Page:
Comparing Jamestown & Plymouth Colonies
If we look at the United States on a map today, it is very difficult to imagine that where we see borders, cities, and states, there once existed nothing but open land, uncharted mountain ranges, and miles of untouched wilderness.
North America was a highly desired destination for exploration and settlement for Europeans. In the early 1500s, expeditions from Europe to North America were funded by Europe's kings and queens in hopes of expanding their territories across the world. The voyages were treacherous with unknown dangers and many attempts to settle in this new land were faced with failure.
In the early 1600’s however, the settlers of Jamestown and Plymouth survived the harsh conditions and established the first two permanent English settlements in North America.
Jamestown was founded in 1607. Of course, its colonists did not know it would go on to become the the first permanent English settlement in the Americas. The settlement was located along the James River off Chesapeake Bay in modern-day Virginia. Life in Jamestown was very hard, and nearly 80% of the first settlers died in the first year due to disease and starvation.
The region was warm and had fertile soil, making it a perfect place for growing crops, specifically tobacco. Sponsored by a joint stock company known as the Virginia Company of London, Jamestown was originally established as a profit-making enterprise. The first settlers looked for gold and other natural resources that could bring a profit to the company's investors.
After several very difficult years, the colonists were eventually able to grow tobacco that was popular in England and it became a valuable cash crop.
Jamestown's colonists were primarily all supporters of the Church of England and felt a strong connection to their homeland. Many, like John Smith, returned to England, or would move back and forth between the two locations.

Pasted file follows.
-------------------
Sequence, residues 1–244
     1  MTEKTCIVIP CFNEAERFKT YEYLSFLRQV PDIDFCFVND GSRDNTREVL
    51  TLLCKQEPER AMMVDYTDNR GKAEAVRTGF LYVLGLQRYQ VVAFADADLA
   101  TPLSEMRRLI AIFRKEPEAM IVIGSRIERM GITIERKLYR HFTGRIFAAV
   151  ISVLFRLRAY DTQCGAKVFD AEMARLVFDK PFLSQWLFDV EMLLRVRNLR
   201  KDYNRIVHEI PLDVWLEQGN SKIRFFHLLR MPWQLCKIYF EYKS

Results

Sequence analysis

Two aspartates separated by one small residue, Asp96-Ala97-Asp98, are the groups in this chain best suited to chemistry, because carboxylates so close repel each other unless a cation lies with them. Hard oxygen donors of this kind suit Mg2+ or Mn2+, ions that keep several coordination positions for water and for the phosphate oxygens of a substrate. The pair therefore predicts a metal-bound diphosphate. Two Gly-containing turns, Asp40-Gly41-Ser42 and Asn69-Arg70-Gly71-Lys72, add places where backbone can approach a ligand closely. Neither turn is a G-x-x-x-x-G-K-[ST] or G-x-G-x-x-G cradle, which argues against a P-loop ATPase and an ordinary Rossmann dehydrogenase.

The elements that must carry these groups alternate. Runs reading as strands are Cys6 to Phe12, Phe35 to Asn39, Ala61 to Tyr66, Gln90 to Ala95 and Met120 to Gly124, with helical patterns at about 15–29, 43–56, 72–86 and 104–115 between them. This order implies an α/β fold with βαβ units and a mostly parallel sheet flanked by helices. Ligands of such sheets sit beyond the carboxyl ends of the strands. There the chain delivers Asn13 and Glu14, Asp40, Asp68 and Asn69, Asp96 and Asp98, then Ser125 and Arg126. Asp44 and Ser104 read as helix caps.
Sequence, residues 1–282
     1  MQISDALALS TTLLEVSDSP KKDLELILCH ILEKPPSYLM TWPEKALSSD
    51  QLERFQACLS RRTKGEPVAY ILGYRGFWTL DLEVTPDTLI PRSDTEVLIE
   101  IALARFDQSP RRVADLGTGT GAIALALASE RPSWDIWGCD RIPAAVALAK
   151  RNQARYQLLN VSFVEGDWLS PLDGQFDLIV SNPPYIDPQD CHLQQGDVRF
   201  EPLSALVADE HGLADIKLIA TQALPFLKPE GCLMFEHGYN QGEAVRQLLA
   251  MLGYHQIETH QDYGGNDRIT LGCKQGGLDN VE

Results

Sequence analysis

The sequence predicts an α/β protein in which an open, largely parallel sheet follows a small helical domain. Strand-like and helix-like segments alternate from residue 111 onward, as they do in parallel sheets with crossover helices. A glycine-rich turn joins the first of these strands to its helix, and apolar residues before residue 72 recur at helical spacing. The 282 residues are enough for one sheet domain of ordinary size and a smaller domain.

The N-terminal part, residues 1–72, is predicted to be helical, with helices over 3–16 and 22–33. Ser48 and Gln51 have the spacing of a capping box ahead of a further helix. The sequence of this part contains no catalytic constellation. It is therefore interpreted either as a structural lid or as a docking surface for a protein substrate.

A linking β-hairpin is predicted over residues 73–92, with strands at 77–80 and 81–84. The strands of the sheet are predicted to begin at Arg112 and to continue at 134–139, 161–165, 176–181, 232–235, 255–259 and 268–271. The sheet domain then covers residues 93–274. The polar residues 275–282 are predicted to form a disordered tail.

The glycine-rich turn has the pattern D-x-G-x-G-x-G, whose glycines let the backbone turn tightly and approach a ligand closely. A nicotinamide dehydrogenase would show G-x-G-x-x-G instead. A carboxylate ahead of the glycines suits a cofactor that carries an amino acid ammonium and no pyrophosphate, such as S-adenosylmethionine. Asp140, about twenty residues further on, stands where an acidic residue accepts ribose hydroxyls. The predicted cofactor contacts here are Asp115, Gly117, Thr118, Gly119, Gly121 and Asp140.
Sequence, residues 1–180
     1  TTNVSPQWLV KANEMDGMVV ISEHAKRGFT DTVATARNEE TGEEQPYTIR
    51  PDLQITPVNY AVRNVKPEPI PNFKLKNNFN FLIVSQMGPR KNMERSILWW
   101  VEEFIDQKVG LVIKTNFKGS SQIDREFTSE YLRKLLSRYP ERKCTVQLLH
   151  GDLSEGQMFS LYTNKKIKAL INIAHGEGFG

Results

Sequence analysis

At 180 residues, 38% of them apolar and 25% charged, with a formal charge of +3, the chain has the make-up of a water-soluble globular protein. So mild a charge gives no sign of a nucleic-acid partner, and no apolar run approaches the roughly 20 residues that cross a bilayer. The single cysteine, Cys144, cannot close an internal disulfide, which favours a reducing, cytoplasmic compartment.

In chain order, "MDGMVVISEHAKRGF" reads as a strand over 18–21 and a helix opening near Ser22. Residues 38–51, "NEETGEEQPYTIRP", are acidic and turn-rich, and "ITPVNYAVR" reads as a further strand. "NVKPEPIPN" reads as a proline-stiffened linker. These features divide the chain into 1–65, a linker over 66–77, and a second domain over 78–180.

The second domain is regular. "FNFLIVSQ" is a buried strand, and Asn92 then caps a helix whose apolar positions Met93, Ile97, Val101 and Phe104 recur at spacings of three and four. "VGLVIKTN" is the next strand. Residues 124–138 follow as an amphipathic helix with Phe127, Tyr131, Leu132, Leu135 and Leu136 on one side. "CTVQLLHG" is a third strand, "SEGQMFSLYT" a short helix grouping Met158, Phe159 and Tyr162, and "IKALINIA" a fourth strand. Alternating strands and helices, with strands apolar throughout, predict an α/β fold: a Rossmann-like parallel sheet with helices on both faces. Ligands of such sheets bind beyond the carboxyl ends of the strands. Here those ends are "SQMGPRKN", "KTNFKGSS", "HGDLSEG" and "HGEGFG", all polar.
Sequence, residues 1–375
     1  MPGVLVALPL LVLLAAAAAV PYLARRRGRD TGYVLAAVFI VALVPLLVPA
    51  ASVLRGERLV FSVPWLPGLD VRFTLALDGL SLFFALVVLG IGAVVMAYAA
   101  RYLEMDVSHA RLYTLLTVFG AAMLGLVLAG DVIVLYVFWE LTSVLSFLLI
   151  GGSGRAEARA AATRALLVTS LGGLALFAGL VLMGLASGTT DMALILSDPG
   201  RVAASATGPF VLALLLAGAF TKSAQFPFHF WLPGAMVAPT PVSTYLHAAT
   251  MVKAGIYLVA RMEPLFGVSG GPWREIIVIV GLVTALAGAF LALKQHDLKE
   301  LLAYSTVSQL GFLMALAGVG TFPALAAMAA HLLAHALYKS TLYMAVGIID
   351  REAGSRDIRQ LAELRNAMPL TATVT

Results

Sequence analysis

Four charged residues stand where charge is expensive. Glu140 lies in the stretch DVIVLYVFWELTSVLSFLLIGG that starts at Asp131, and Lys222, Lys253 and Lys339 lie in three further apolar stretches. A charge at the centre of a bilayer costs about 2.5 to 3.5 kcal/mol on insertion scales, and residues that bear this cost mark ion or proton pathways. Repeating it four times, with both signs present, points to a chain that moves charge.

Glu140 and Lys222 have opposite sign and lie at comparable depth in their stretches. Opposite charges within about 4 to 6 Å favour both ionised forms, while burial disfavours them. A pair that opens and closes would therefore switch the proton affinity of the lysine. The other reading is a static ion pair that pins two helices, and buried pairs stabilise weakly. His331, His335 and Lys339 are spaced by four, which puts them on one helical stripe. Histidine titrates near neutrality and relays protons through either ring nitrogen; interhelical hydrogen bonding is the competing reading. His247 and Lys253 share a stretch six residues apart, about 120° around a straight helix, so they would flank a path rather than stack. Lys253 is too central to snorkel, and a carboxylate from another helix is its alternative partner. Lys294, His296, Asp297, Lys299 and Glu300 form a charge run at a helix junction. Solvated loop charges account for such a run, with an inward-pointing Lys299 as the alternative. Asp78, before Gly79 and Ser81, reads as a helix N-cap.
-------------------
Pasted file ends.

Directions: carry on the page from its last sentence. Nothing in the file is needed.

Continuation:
Being that Jamestown was founded by a corporation looking to make a profit, it began using enslaved labor in 1619. Indentured servants and enslaved Africans made up much of the workforce on the growing tobacco and cotton plantations. The system of using enslaved Africans for the profit of American plantations has been described as America's "original sin".
About 400 miles to the north of Jamestown, a group of Pilgrims seeking religious freedom established Plymouth in 1620 as the second English colony in North America.
Located in modern day Massachusetts, the colder climate and rocky soil made farming and agriculture more difficult. Instead of growing cash crops, settlers turned to lumber, shipbuilding, and fishing for trade.
Unlike the settlers of Jamestown, the Pilgrims of Plymouth Colony were dissenters from the Church of England. They came to the New World so that they could freely practice their religion without fear of persecution.
Although their reasons for settling were different, the settlements had many similar experiences. Jamestown and Plymouth both faced harsh and demanding climates and struggled with hunger, disease, and death. In their first years they had much difficulty establishing housing and finding a sustainable source of food.
While the settlers in Jamestown used the House of Burgesses as a legislative body for laws and decisions, the Pilgrims in Plymouth wrote and agreed to the Mayflower Compact as a set of rules for self-government. Both helped maintain the rule of law in new places far from the courts and tradition of England.
Settlers of both colonies experienced complicated and, at times, violent relationships with local Native Americans that owned the land. While some American Indian groups offered help to the new settlers, oftentimes both sides needed to defend themselves from attacks. Nevertheless, the settlers of Jamestown and Plymouth persevered through these difficulties and maintained their establishments, providing inspiration for future colonies and settlers in search of a new life in the New World.